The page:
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Thursday, October 15, 2009


I’ve moved to WordPress.  This post can now be found at NODC’s CORRECTION TO OHC (0-700m) DATA
I was advised today (Thanks, Fred) that the NODC has revised their Ocean Heat Content data. A quick check of the KNMI Climate Explorer News webpage…
…reveals that it was revised on October 15, 2009 at KNMI.

And a check of the NODC data…
…shows that it was corrected on 10/15/09.

Dr. Geert Jan van Oldenborgh writes, “There was an error in the last 3-month data point of the NODC ocean heat content dataset, as anyone who made a map of the data could see. The problem has been fixed at NODC (thanks Gavin, Tim).”

Apparently the NODC hadn’t bothered to plot the data prior to posting it on September 14, 2009, or hadn't thought there was a problem until...

Here’s a gif of the correction


Thanks, Gavin and Tim.

Hmm, I’ll have to go back and update the “ENSO Dominates NODC Ocean Heat Content (0-700 Meters) Data” post to make sure the ENSO-induced step changes are still there and verify the “North Atlantic Ocean Heat Content (0-700 Meters) Is Governed By Natural Variables” hasn’t changed, too.

H/T to Fred.

UPDATE (October 15 @ 5:40PM):

After I posted the above, I found that Dr. Geert Jan van Oldenborgh had emailed me to notify me of the correction. I have received his permission to reproduce his email:

Dear Bob Tisdale,

please note that NODC discovered that they had accidentally posted the wrong version of their last file (apr-jun2009), a preliminary version with most data still missing had somehow made it to their web site. A quick look at the map for that quarter showed that there were hardly any anomalies visible and big anomalies in the North Atlantic and Pacific did not persist from the previous quarter, so the data were clearly suspicious. This mix-up has been fixed tonight (Dutch time) at NODC and in the Climate Explorer. A corrected version of the average heat content is attached, the value of apr-jun2009 is now more in line with the values of previous quarters.

Greetings from chilly Holland,

Geert Jan


John said...

Well, that's odd. How could noone plot it? I'm sure it was an innocent mistake, but it'd be nice if they'd provide a little more explanation as to exactly what the problem was - it makes it look suspect, something many will grasp on to if it it was innocent.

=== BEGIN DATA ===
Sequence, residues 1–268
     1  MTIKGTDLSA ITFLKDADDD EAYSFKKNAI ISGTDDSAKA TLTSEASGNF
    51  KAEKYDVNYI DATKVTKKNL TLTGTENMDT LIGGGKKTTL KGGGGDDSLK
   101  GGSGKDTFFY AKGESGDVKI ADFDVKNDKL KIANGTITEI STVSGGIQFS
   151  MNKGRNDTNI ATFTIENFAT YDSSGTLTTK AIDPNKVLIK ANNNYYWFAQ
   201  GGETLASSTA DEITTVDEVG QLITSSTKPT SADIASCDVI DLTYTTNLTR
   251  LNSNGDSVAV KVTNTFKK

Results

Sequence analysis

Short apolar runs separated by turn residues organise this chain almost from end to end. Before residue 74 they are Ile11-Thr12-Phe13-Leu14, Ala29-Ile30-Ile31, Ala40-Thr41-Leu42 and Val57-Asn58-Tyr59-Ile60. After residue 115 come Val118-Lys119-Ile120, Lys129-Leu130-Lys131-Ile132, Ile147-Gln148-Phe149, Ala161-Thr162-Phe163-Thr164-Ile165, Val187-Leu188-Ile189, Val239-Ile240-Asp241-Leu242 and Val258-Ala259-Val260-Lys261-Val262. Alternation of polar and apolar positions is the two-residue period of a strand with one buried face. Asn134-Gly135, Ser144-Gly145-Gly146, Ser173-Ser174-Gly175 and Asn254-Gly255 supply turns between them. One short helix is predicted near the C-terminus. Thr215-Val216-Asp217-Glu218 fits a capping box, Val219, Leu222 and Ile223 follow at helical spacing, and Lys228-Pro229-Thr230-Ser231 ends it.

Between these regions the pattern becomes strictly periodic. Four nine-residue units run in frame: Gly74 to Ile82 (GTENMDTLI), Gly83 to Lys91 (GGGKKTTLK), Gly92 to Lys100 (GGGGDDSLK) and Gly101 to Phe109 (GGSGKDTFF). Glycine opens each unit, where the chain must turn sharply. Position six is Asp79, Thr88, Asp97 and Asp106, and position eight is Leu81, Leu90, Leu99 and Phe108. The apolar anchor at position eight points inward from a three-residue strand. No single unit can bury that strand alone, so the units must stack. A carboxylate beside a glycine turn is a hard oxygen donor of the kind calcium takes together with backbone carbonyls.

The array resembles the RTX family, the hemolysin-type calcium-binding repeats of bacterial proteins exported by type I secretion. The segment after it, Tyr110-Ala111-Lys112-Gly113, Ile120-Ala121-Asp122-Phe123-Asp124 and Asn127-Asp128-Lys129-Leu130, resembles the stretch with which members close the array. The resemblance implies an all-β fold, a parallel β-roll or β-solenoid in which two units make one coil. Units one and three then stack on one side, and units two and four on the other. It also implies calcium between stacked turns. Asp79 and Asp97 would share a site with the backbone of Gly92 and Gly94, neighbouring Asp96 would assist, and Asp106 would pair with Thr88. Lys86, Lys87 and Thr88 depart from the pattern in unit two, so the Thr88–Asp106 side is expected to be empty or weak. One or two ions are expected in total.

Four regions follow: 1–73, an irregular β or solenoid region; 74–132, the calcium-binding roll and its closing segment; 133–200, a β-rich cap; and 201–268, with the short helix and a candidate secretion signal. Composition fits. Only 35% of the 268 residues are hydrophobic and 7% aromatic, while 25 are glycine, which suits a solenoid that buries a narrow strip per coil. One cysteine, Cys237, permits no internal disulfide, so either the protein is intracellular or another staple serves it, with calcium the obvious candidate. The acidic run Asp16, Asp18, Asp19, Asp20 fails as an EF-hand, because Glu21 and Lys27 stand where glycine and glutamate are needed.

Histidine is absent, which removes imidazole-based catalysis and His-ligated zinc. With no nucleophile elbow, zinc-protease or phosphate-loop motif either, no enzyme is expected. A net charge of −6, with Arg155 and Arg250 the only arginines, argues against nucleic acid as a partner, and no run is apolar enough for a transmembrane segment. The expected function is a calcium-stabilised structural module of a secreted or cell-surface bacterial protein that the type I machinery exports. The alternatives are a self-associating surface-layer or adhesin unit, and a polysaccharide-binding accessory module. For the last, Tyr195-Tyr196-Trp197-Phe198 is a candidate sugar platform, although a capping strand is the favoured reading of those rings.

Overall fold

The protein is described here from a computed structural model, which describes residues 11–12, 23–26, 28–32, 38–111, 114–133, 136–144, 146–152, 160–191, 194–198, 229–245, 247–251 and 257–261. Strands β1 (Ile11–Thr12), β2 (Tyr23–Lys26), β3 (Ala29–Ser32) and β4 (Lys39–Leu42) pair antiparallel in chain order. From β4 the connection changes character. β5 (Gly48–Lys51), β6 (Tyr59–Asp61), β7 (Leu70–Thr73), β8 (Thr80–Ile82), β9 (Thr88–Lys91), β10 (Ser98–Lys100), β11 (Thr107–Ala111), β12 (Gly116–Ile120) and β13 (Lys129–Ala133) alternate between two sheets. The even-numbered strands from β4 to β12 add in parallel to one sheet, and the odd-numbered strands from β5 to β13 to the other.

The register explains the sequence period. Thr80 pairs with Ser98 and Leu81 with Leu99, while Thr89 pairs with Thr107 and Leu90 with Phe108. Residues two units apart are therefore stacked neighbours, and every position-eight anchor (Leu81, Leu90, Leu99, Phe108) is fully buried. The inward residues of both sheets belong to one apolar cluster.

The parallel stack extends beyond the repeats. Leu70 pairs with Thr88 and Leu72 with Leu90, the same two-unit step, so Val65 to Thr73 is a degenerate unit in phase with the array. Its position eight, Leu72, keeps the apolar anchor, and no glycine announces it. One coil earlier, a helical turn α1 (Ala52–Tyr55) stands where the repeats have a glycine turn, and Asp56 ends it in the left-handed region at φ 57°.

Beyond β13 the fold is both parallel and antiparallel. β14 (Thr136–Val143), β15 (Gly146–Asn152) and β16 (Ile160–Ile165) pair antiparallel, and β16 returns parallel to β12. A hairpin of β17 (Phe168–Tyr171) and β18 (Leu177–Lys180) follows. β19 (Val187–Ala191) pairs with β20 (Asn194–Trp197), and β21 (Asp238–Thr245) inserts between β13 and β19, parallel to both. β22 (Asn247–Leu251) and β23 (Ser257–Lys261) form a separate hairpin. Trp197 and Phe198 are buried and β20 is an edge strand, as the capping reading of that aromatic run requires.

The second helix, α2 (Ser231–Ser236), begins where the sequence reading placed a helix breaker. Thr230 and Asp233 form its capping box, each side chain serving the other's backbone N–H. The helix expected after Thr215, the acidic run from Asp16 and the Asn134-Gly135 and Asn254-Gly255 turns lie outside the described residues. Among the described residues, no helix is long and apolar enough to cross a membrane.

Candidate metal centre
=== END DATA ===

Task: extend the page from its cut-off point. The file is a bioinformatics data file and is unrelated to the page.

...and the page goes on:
It still shows a small decrease for 2009 to date though, correct? I can't quite tell from the graph Still no accumulation of heat, though not as dramatic as the drop was. I'm sure this is making you busy checking your charts, but would you mind reproducing your Figure 4 from the 10/13/09 post?

Bob Tisdale said...

John: I'll be reposting all of the recent OHC posts. I'll start with that one since Roger Pielke Sr reposted it at his website.

John said...

By the way, I'm not understanding the "as anyone could see" statement the news updater is making.

Based on the historical OHC graph, it looks like there are numerous occasions where the OHC increased or decreased by similar amounts in a similar timeframe.

The "as anyone could see" seems awfully snarky and further undermines their credibility, especially when the correction was prompted by those with a vested interest in seeing OHC increase.

As I said, even if this is an innocent mistake, it just boggles the mind that these scientists would not realize what a talking point this type of situation generates. They are simply saying it was a mistake with no explanation whatsoever. I get so frustrated by this type of obfuscation.

Sorry, had to vent.

John said...

Hi Bob -

Unrelated question that you may be aware of, so I figure I'd ask.

Have you read a reason from the AGW side of things why OHC seems basically steady until 1995 and then goes so high so quickly?

Thanks. If it's too complicated, please feel free to ignore.

Bob Tisdale said...

John: Please link the graph (global, tropical Pacific)you're asking about.

John said...

Sorry Bob, I just meant globally.


It seems like from 1955 to 1995 the anomaly (eyeballed) moves from -.1 GJ/m2 to 0 GJ/m2.

Then from 1995 to 2003, it jumps from 0 to .3.

That seems like a massive jump in OHC for an 8 year period compared to the increase over the prior 40 years.

I've seen your explanations, but was wondering what other scientists might have said, if it is in your sphere of knowledge.

Bob Tisdale said...

John: The AGW crowd are touting a recent paper by von Schuckmann et al (2008) paper "Global hydrographic variability patterns during 2003-2008".


Sections 3 and 4 of von Schuckmann et al (2008) are detailed discussions of the natural variables that govern OHC in individual ocean basins; for example, North Atlantic OHC is dictated by ENSO, AMOC, and the NAO; and tropical OHC is dominated by ENSO, etc.


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